- The hedonic house price index of new homes rose by 5.2% (4% in real terms) during the year to April 2013.
- The hedonic house price index of existing homes was up 8.7% (7.4% in real terms) y-o-y.
Hedonic indices attempt to compare like-for-like exactly, so should be a better measure of house price trends than other indices.
Dr. Klein’s trend indicator of property prices (DTI) showed a strong upward trend in West Germany’s housing market in Q1 2013.
Munich was the housing market leader in the south, with luxurious family houses reaching a new average price of € 9,535 per sq. m. The median price of apartments in Munich was € 3,053 per sq.m., and of houses € 3,951 per sq. m., with one and two family house prices rising 7.20% compared with last year.
In Frankfurt, luxurious family houses had an average price of € 7,227 per sq. m. The median price of apartments in Frankfurt was € 2,468 per sq.m., and of houses € 2,030 per sq. m., with house prices rising 3.00% compared with last year.
In Hamburg, the median price for apartments was € 2,850 per sq. m., and € 2,720 per sq. m. for one-and two-family houses, a gain of 6.42% compared with last year.
In Berlin, the median price for apartments was € 2,333 per sq. m., a gain of 9.91% compared with last year, and € 1,771 per sq. m. for one-and two-family houses, a gain of 6.88% compared with last year.
Total dwelling permits rose 4.8%% to 239,465 units in 2012, according to Federal Statistical office (Destatis). In 2011, a 21.7% y-o-y increase in dwelling permits was recorded, added by a 14.6% increase in dwelling completions to 183,000 units.
Germany’s economy barely expanded in 2012 with a GDP growth rate of 0.7%, a sharp slowdown after the country’s strong economic rebound of 3% in 2011 and 4.2% in 2010. In Q1 2013, real GDP was up just 0.1% from the previous quarter. Germany is expected to expand by around 0.3% in 2013, and 1.5% in 2014, due to the continuing structural problems in the euro zone, according to the Deutsche Bundesbank.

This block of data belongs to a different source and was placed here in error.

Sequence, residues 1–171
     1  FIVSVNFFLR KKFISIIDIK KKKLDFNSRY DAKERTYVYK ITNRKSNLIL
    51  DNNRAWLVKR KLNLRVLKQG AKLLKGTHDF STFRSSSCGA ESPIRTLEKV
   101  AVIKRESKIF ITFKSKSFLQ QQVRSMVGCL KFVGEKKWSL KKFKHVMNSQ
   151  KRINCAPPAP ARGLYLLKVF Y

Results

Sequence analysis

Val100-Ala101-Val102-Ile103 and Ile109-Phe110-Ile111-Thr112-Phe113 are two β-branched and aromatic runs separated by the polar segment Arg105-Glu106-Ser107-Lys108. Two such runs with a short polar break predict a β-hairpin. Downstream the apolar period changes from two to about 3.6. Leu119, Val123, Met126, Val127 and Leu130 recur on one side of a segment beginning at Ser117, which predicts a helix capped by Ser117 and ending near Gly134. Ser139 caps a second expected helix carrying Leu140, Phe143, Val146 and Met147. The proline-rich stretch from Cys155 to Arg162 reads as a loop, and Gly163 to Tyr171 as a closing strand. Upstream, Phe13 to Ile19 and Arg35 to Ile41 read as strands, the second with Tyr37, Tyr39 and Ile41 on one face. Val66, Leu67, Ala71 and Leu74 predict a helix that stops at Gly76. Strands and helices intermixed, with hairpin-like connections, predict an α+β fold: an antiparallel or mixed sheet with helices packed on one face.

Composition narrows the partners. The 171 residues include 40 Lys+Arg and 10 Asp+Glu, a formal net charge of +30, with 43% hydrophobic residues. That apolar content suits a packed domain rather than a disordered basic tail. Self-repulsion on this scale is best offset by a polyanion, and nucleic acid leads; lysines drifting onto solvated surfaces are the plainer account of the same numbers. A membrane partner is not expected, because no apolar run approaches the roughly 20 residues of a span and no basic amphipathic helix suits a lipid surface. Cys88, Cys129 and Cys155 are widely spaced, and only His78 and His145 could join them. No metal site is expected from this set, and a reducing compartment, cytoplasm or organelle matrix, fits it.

Analysis of Germany Residential Property Market »
Munich is Germany’s high-cost leader, of course. A 120 square metre (sq. m.) apartment in Munich costs around EUR5,700 per sq. m., while in Berlin it costs around EUR3,300 per sq. m., and in Frankfurt, the same sized apartment costs around EUR3,600 per sq. m. while in
Berlin’s higher yields come on the smallest apartments, and are caused by the fact that very small apartments are relatively cheap to buy. So despite the fact that rents are the cheapest in Berlin, ranging from around EUR11 to EUR12 per sq. m. per month, returns on these small apartments are reasonable, at 4.77% to 5.09%.
In Frankfurt, rents range from around EUR14 to EUR16 per sq. m. per month. Apartments in Munich are the most expensive to rent, with rents ranging from around EUR16 to EUR17 per sq. m. per month.
Real estate investors, i.e., buyers of property for investment purposes, earn the highest rental return on their investment from apartments in Berlin or Frankfurt. Gross rental yields on apartment in Berlin came in first, because of those small Berlin apartments which earn as much as 5.09%. Gross rental yields in Frankfurt came in second, ranging from 3.60% to 4.85%. Rental returns for apartments in Munich range from 2.58% to 3.93%.
In terms of prices, both Berlin and Munich are up on last year.